Table 8. StepbyStep Summary of the AD GoF Test for the
Weibull
Finally, recall that the Exponential distribution, with mean , is
only a special case of the Weibull (; ) where the shape param
eter = 1. Therefore, if we are interested in using AD GoF test
to assess Exponentiality, it is enough to estimate the sample
mean () and then to implement the above Weibull procedure for
this special case, using formula (2).
There are not, however, AD statistics (formulas) for all the dis
tributions. Hence, if there is a need to fit other distributions than
the four discussed in this START sheet, it is better to use the
Kolmogorov Smirnov [12] or the Chi Square [11] GoF tests.
A Counter Example
For illustration purposes we again use the data set prob6 (Table
1), which was shown to be Normally distributed. We will now
use the AD GoF procedure for assessing the assumption that the
data distribution is Weibull. The reader can find more informa
tion on this method in Section 8.3.4 of MILHDBK17 (1E) [5]
and in [2].
We use Weibull probability paper, as explained in [1] to estimate
the shape () and scale () parameters from the data. These esti
Sort Original Sample (X) and Standardize: Z= [x(i)/*]
*
(Cols. 1
& 2, Table 7).
Establish the Null Hypothesis: assume Weibull distribution.
Obtain the distribution parameters: = 8.7; = 1.3.
Obtain Weibull probability and Exp(Z) (Cols. 3 & 4).
Obtain the Logarithm of 1 Exp(Z) (Col. 5).
Sort the Z(i) in descending order (ni+1) (Col. 6).
Evaluate via (1): AD* = 0.4104 and OSL = 0.3466.
Since OSL = 0.3466 > = 0.05, assume Weibull ( = 8.7; = 1.3).
Software for this version of AD is not commonly available.
Variable N Mean Median StDev Min Max Q1
Data Set 6 7.22 7.80 3.86 1.43 11.72 3.44
AD ) n 0.2/ (1 * AD and +
( ) ( ) { }
1
]
1
+ i
n  Z  Z  exp  1 ln
n
2i  1
AD
i  1 (n (i)
5
Table 10. StepbyStep Summary of the AD GoF Test for the
Weibull
Summary
In this START Sheet we have discussed the important problem
of the assessment of statistical distributions, especially for small
samples, via the Anderson Darling (AD) GoF test. Alternatively,
one can also implement the Kolmogorov Smirnov test [12].
These tests can also be used for testing large samples. We have
provided several numerical and graphical examples for testing
the Normal, Lognormal, Exponential and Weibull distributions,
relevant in reliability and maintainability studies (the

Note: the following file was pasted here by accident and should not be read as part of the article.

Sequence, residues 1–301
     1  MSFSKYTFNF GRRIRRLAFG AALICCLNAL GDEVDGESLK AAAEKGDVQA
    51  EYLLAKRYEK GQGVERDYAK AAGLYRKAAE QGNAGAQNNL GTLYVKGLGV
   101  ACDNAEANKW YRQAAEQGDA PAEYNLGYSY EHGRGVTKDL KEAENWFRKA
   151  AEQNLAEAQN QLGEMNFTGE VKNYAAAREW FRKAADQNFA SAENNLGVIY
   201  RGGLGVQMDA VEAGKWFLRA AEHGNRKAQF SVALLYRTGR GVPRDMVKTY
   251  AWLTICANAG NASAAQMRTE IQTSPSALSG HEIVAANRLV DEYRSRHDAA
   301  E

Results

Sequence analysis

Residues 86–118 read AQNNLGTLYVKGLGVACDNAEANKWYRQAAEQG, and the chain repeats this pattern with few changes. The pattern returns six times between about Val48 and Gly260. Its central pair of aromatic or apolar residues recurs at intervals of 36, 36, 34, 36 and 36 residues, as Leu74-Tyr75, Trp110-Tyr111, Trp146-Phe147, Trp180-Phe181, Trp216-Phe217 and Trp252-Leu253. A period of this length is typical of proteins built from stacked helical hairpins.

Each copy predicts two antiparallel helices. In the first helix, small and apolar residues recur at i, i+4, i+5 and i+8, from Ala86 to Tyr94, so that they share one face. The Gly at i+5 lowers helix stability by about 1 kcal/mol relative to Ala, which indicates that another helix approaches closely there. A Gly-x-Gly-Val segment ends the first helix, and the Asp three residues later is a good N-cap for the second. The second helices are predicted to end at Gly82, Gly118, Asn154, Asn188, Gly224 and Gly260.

Exponential is a special case of the Weibull, as is the Lognormal
of the Normal). We have also discussed some relevant theoreti
cal and practical issues and have provided several references for
background information and further readings.
The large sample GoF problem is often better dealt with via the
ChiSquare test [11]. It does not require knowledge of the dis
tribution parameters  something that both, AD and KS tests the
oretically do and that affects their power. On the other hand, the
ChiSquare GoF test requires that the number of data points be
large enough for the test statistic to converge to its underlying
ChiSquare distribution  something that neither AD nor KS
require. Due to their complexity, the ChiSquare and the
Kolmogorov Smirnov GoF test are treated in more detail in sep
arate START sheets [11 and 12].
Bibliography
1. Practical Statistical Tools for Reliability Engineers,
Coppola, A., RAC, 1999.
2. A Practical Guide to Statistical Analysis of Material
Property Data, Romeu, J.L. and C. Grethlein, AMPTIAC,
2000.
3. An Introduction to Probability Theory and Mathematical
Statistics, Rohatgi, V.K., Wiley, NY, 1976.
4. MILHDBK5G, Metallic Materials and Elements.
5. MILHDBK17 (1E), Composite Materials Handbook.
Table 9. Intermediate Values for the AD GoF Test for the Weibull
ith x
i
z
i
exp(z
i
) ln(1exp) n+1i z(n+1i) ithterm
1 294.2 0.249228 0.779402 1.51141 6 0.769090 0.29344
2 308.5 0.364332 0.694661 1.18633 5 0.522213 0.77533
3 313.1 0.410129 0.663565 1.08935 4 0.460886 1.24957
4 317.7 0.460886 0.630725 0.99621 3 0.410129 1.69995
5 322.7 0.522213 0.593206 0.89945 2 0.364332 2.13249
6 338.7 0.769090 0.463434 0.62257 1 0.249228 2.55137
Sort Original Sample (X) and standardize: Z= [x
(i)
/*]
*
(Cols. 1
& 2, Table 5).
Establish the Null Hypothesis: assume Weibull distribution.
Obtain the distribution parameters: = 350; = 8.
Obtain the Exp(Z) values (Col. 3).
Obtain the Logarithm of 1  Exp(Z ) (Col. 4).
Sort the Z(i) in descending order of (ni+1) (Cols. 5 and 6).
Evaluate via (1): AD*=2.92 and OSL = 6xE7.
Since OSL = 6xE7 < = 0.05, reject assumed Weibull ( = 350;
= 8).
Software for this version of AD is not commonly available.
'
,
_
1
1 8 ; 50 3
x
 exp  1 ) exp(z  1 (294.2) P
0.2206 794 7 0.  1
350
294.2
 exp  1
8
'
,
_